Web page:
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Maryland bill could add job protections for local health officers

Sen Clarence Lam, D-Baltimore and Howard counties, who is also a physician, said politics interfere with how health officers perform their jobs. Since the start of the pandemic, seven local health officers have resigned, retired or been forced out of their jobs. (The Daily Record file photo)

Local governments could find it more difficult to fire a health officer under a bill before the Maryland General Assembly.

A pandemic entering its third calendar year has increased the public’s attention on a previously non-controversial position. The crossroads of politics and COVID-19 has resulted in the bullying of some health officials and the termination of others.

“In an age where public opinions are swayed by social media content filled with questionable and at times erroneous health information, it has become ever more important to provide a buffer for health officers who answer not only to elected officials but to the professional and ethical standards of the boards of physicians and nurses,” said Calvert County Healthy Officer Dr. Laurence Polsky, who represents the Maryland Association of County Health Officers.

The pressure health officers find themselves under drew public attention in October when the Harford County Council terminated Dr. David Bishai.

Sen. Clarence Lam, D-Howard and Baltimore Counties and a physician, said politics interfere with how health officers perform their jobs. Since the start of the pandemic, seven local health officers have resigned, retired or been forced out of their jobs.

“With 24 jurisdictions in the state, losing seven health officers in two years’ time should ring alarm bells,” said Lam.

Lam’s bill limits local executives, county councils which sometimes sit as local health boards, or county commissioners from terminating a health officer for any reason other than immorality, misconduct in office, insubordination, incompetence, or willful neglect of duty.

Lam modeled the legislation on statutes that apply to the firing of school superintendents.

The bill also sets up an appeals process that can be used to challenge a termination.

Lam said he sponsored the bill after the Harford County Council “undertook a concerted and coordinated effort to oust” Dr. David Bishai in October.

Dr. Travis Gayles, who served as Montgomery County’s health officer, left the position for the private sector in 2021. During the pandemic Gayles said he had been subjected to dozens of daily emails containing racial or homophobic comments directed at him, according to Bethesda Magazine.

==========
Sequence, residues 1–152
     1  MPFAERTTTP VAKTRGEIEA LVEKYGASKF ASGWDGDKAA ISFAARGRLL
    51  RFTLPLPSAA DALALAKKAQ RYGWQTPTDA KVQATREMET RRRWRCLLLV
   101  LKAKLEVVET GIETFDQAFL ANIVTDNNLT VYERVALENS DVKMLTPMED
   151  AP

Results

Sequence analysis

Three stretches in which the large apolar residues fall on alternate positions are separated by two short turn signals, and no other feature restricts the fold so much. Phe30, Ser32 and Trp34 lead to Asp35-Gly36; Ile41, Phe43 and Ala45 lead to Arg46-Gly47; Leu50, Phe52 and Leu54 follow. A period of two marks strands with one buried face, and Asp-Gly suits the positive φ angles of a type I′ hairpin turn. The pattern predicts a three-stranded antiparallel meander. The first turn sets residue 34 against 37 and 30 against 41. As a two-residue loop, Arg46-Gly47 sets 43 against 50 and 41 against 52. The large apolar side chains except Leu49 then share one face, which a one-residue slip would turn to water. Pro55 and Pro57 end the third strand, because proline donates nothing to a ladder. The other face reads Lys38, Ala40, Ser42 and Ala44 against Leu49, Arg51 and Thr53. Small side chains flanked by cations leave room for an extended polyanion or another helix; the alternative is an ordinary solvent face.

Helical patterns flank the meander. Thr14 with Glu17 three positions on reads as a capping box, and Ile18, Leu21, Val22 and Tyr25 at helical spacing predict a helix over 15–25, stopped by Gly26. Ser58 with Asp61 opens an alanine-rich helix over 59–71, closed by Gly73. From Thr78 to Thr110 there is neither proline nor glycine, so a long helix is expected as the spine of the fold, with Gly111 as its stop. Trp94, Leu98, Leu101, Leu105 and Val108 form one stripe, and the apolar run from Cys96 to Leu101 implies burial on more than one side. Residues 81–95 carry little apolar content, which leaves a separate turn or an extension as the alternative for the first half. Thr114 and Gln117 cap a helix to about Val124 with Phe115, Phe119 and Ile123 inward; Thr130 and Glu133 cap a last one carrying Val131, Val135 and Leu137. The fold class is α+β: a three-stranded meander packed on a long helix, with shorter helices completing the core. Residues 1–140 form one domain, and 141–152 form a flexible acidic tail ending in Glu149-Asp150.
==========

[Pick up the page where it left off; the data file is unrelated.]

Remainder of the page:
Harford County along with Montgomery County are still searching for permanent replacements.

“It’s turning out that the abuse of health officers in one county is poisoning the well for all the other counties in Maryland, which is why the state should take action on this issue,” said Bishai.

“Who would want to serve in a position like this when we see this epidemic of councils and governing bodies acting in a feckless manner?’ said Bishai.

The former Harford County health officer told the Senate Finance Committee he was targeted solely for political reasons by a vocal minority opposed to his following of Gov. Larry Hogan’s executive orders.

“There was no policy question the citizens were angry or agitated about,” Bishai said. “They simply didn’t like the executive order and were angry about having to wear masks and added to their protests ‘we should also fire the health officer.’ That was their mantra: we don’t like masks. Fire the health officer.

The Maryland Association of Counties opposes the change saying it might limit the ability of newly elected county leaders to name their own senior advisors.

“If we pass this bill as is … basically once you become health officer, you’re health officer for life,” said Sen. Justin Ready, R-Carroll County.

Bishai’s story drew an apology from a Republican member of the Senate Finance Committee.

“As a Harford County senator I will tell you we had no idea what was going on with the County Council,” said Sen. J.B. Jennings, R-Harford and Baltimore Counties. “I’m sorry you had to go through that.”

The apology may have swayed Sen. Delores Kelley, who chairs the Senate Finance Committee.

“I take seriously (Jenning’s) take on it, that it was wrong in that case,” said Kelley, a Baltimore County Democrat. “That there were things happening that should not. That many members of the community wrote to him subsequently when they found this out, because it all happened suddenly and privately, to say they wanted this person reinstated. There is a problem.”